Tips4Teachers – “…not to do…”
“When you are asked not to do something, instead of making the decision not to do it, you try to prevent yourself from doing it. But this only means that you decide to do it, and then use muscle tension to prevent yourself from doing it.”1
How fortunate that Ethel Webb, whose ear was attuned to when FM Alexander said something worth taking note of, recognised the significance of these words spoken by him to a pupil during a lesson and wrote them down so that they could be preserved as one of the “teaching aphorisms”.
FM’s pupil, although he or she might have been saying inwardly the words “don’t do it, don’t do it!”, nevertheless had the intention to do it, and the body responds to intention not words.
One way I explain it to pupils is as follows:
The physical body is analogous to a well-trained animal, always listening to it’s master’s voice, waiting to be told what to do, wanting to obey and carry out what is asked of it. However, the language that we use for our inner and outer talking is not one either the animal or the physical body understands very well. In the case of the latter, every time we feel an impulse to act in some way we begin to stimulate neural activity, and muscles get ready to do work. The trouble is that we are so often very unclear about what we want, or don’t want, to do. The poor body gets contradictory messages and, like the animal in our analogy, begins to get stressed.
By making a decision and having a clear intention, the body begins to respond in a quite different way; sometimes mind and body can, like horse and rider, be as one. We are moving in the direction of greater integration.
This is not easy. Many people avoid making decisions, little realising the psycho-physical consequences thereof. Making decisions means taking more responsibility: it also means confronting the very deep-rooted patterns of so-called individuality to which we are very attached.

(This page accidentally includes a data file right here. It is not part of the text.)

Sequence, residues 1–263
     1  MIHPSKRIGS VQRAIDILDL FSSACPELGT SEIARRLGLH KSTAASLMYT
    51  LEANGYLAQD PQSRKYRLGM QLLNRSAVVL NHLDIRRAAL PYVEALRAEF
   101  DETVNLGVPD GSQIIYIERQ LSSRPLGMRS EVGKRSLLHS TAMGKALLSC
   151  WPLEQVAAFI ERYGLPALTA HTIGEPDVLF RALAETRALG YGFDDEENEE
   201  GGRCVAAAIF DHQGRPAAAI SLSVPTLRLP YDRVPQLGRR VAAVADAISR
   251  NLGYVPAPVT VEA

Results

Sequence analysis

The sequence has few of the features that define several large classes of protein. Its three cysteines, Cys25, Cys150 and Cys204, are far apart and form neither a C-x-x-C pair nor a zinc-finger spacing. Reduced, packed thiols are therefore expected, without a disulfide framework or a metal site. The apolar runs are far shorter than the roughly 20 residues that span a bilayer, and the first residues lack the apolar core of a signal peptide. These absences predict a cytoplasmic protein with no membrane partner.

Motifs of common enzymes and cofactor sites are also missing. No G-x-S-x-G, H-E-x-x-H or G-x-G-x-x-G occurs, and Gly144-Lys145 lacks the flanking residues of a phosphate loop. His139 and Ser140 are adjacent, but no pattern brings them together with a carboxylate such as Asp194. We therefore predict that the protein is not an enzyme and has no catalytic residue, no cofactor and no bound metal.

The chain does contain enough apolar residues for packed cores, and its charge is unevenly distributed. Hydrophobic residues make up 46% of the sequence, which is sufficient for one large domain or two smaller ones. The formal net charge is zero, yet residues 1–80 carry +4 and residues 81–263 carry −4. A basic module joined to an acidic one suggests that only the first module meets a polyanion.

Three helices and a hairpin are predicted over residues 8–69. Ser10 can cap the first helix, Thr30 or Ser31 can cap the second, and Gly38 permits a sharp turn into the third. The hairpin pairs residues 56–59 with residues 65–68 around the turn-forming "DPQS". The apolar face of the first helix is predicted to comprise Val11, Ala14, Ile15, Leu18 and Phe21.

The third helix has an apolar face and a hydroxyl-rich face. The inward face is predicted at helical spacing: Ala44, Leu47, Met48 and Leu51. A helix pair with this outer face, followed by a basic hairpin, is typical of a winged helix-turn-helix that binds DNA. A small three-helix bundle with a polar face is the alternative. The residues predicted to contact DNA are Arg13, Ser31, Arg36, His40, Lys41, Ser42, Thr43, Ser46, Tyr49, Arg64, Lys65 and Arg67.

Fortunately there is another “individual” waiting to be discovered, but more on that another time.
Erika Whittaker told me once, much to my surprise at the time, that what Alexander really wanted from his pupils was that they would learn to make their own decisions. Over the years, this has come to mean more and more to me.
1. Teaching Aphorisms: The Alexander Journal No 7, 1972, published by the Society of Teachers of the Alexander Technique. Also published in Articles and Lectures by Mouritz (1995).
© 2013 John S Hunter
3 responses to “Tips4Teachers – “…not to do…””
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- August 8, 2014 -
There is also an interesting brain fact that offers a measured, scientific explanation. Measured by MRI activity, evidently humans prepare to go into action quite a bit of time before they realize they have made the conscious choice to act. Humans have only 1/64th of a second to veto, change or carry through with the action. Essentially, humans don’t have free will…we have “free won’t,” just as Alexander Technique teaches by using inhibition.
This fact means that the way a person prepares to act before they know the instant they might decide to act must also be addressed. F.M. Alexander’s solution of “Giving Directions” is an answer for this issue. That is why it’s important to give the Directions while avoiding going into the action stage of beginning the response to move…and to give them often.
Thank you for this essay, John. I enjoyed it, as well as your insights after your lesson with Erika Whitaker. I often say to my students that as a human being, you are both the jockey and the horse. Be the jockey who communicates with delicacy, with “light hands”, “soft hands”. Somehow I do find it is so much better that they immediately begin to think into learning how to use their own light, soft “jockey hands” and that I try to be very cautious then not to take over being the jockey for them myself overly much with my hands.